Finally, with no indications of a vaccine or cure in the short to medium term, COVID-19 is poised to continue constraining the bloc’s economic growth, hinder cross-border trade and regional trade facilitation, and retard economic productivity and business continuity as long as it will last. The Summit is therefore expected to deliberate on the need for Member States to start preparing now so that going into the future they will be better prepared to cope with similar challenges should global pandemics of COVID-19’s magnitude break out.

[1] See pdf Press Release: 40th SADC Ordinary Summit of Heads of State and Government to be held virtually (36 KB)

[2] See pdf SADC Regional Response To Covid-19 Bulletin No. 5 (3.48 MB)

[3] See pdf SADC Guidelines on Harmonisation and Facilitation of Cross Border Transport Operations across the Region During the COVID-19 Pandemic (390 KB)

[4] See PSC Report: Regional coordination against COVID-19: what role for the RECs? at https://issafrica.org/pscreport/psc-insights/regional-coordination-against-covid-19-what-role-for-the-recs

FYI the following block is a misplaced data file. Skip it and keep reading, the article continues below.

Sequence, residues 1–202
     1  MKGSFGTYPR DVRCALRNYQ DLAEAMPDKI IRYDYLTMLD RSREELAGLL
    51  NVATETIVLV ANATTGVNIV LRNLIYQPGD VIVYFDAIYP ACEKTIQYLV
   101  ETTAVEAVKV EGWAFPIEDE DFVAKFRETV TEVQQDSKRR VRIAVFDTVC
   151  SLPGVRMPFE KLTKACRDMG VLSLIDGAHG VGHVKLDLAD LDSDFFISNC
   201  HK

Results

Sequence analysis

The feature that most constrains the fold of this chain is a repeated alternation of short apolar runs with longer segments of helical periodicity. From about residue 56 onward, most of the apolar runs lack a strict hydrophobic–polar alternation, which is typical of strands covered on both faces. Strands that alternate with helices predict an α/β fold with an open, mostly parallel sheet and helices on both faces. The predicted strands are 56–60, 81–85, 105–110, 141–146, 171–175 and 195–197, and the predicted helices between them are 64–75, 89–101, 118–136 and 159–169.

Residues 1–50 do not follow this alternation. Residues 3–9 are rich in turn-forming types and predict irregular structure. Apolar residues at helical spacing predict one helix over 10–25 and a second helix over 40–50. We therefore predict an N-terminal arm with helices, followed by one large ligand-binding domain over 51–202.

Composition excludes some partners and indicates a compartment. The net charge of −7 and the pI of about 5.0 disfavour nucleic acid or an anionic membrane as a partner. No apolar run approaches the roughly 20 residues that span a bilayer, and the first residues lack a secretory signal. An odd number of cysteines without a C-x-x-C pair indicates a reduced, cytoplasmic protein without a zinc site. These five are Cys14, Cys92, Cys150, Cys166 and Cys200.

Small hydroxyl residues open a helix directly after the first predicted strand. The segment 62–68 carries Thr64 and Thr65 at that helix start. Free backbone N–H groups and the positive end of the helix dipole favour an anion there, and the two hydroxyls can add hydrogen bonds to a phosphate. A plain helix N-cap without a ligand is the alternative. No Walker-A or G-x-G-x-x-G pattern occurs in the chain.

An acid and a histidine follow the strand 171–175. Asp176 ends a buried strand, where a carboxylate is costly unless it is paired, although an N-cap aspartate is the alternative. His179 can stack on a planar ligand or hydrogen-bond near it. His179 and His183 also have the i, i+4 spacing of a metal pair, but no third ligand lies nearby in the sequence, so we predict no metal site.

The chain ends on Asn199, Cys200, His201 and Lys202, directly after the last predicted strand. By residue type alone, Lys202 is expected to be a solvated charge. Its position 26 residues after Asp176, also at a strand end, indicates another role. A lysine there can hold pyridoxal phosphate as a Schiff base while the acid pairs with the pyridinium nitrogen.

[5] See SADC Senior Officials meet ahead of 40th Ordinary Summit and Council of Ministers meeting at https://www.tralac.org/news/article/14843-sadc-senior-officials-meet-ahead-of-40th-ordinary-summit-and-council-of-ministers-meeting.html 

[6] See Communique of the 39th SADC Summit of Heads of State and Government, Julius Nyerere International Convention Centre Dar Es Salaam, United Republic of Tanzania, 17-18 August 2019 at https://www.tralac.org/news/article/14203-sadc-hosts-the-39th-ordinary-summit-of-the-heads-of-state-and-government-in-dar-es-salaam-tanzania.html

About the Author(s)

Rwatida Mafurutu

Rwatida Mafurutu is an experienced career expert in the areas of Customs and Excise border management, administration, trade facilitation and cross-border trade. He has a fervent research interest in cross-border migration, Customs risk management, regional integration and trade policy issues in Africa. Rwatida is a holder of Master of Commerce Specializing in Management Practice in the Field of Trade Law and Policy (University of Cape Town, South Africa), Master of Philosophy in Taxation (University of Pretoria, South Africa) and a Master of Science in Fiscal Studies (National University of Science and Technology, Zimbabwe).